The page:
Transparency and Public Participation Task Force Report, University of Pennsylvania Law School, July 2008
49 Pages Posted: 4 Nov 2008 Last revised: 13 Jan 2010
Each year, federal regulatory agencies create thousands of new rules that affect the economy. When these agencies insulate themselves too much from the public, they are more likely to make suboptimal decisions and decrease public acceptance of their resulting rules. A nonpartisan Task Force on Transparency and Public Participation met in 2008 to identify current deficiencies in agency rule making procedures and develop recommendations for the next presidential administration to improve the quality of regulations and the legitimacy of regulatory proceedings. This report summarizes the Task Force's deliberations, indicating ways that federal agencies could do a better job of seeking citizen comment earlier in the rule making process and of reaching out to all affected groups in an evenhanded manner. The report includes not only targeted recommendations on transparency and public participation, but also strategic-management recommendations which, if adopted, should help ensure that agencies continue to improve their transparency and public participation practices over time.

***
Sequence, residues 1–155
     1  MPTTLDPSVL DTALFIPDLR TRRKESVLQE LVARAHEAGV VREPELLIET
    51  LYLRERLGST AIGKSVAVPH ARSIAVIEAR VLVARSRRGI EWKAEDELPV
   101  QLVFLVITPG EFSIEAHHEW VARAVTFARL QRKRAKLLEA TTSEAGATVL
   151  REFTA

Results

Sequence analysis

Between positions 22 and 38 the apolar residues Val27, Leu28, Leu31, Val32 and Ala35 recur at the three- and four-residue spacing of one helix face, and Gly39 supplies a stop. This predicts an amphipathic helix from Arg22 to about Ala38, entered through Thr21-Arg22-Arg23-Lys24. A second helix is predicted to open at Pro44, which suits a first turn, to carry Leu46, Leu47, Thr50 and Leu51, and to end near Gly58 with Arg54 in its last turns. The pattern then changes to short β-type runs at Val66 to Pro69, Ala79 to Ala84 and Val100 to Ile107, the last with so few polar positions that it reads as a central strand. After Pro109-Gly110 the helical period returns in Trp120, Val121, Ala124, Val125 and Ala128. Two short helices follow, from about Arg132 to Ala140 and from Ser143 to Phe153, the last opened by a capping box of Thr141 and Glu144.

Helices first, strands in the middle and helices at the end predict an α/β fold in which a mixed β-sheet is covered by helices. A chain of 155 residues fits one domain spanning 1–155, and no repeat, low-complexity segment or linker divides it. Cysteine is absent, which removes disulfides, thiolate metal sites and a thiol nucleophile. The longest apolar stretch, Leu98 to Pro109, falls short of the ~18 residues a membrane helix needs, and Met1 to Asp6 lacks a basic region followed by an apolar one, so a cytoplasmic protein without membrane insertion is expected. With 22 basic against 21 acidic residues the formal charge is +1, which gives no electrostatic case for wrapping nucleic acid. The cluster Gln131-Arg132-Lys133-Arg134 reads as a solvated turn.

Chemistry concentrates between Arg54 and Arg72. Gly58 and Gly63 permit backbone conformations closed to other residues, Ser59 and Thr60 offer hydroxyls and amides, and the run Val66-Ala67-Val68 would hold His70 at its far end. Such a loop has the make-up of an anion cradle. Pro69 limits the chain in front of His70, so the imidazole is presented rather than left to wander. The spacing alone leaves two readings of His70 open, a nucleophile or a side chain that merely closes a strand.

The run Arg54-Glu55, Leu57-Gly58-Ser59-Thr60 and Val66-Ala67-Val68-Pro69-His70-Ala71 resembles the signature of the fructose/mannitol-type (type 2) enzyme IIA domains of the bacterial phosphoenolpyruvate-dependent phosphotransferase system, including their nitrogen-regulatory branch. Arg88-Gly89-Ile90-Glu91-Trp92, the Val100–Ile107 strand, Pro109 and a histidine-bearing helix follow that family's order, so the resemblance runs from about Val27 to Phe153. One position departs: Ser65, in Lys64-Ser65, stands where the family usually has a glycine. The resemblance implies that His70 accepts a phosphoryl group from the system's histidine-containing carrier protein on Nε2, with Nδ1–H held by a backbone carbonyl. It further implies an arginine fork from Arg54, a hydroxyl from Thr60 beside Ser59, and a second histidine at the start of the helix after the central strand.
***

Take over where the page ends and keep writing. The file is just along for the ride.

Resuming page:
Posted paper, uploaded January 2010, is the published version of the working paper originally posted November 2008.
Keywords: Administrative law, regulatory agencies, federal regulation, citizen comment, fairness
JEL Classification: D73, K23
Suggested Citation: Suggested Citation
Coglianese, Cary and Kilmartin, Heather and Mendelson, Evan, Transparency and Public Participation in the Rulemaking Process: Recommendations for the New Administration. George Washington Law Review, Vol. 77, No. 4, 2009; Transparency and Public Participation Task Force Report, University of Pennsylvania Law School, July 2008; U of Penn Law School, Public Law Research Paper No. 08-41. Available at SSRN: https://ssrn.com/abstract=1292911
By Peter Shane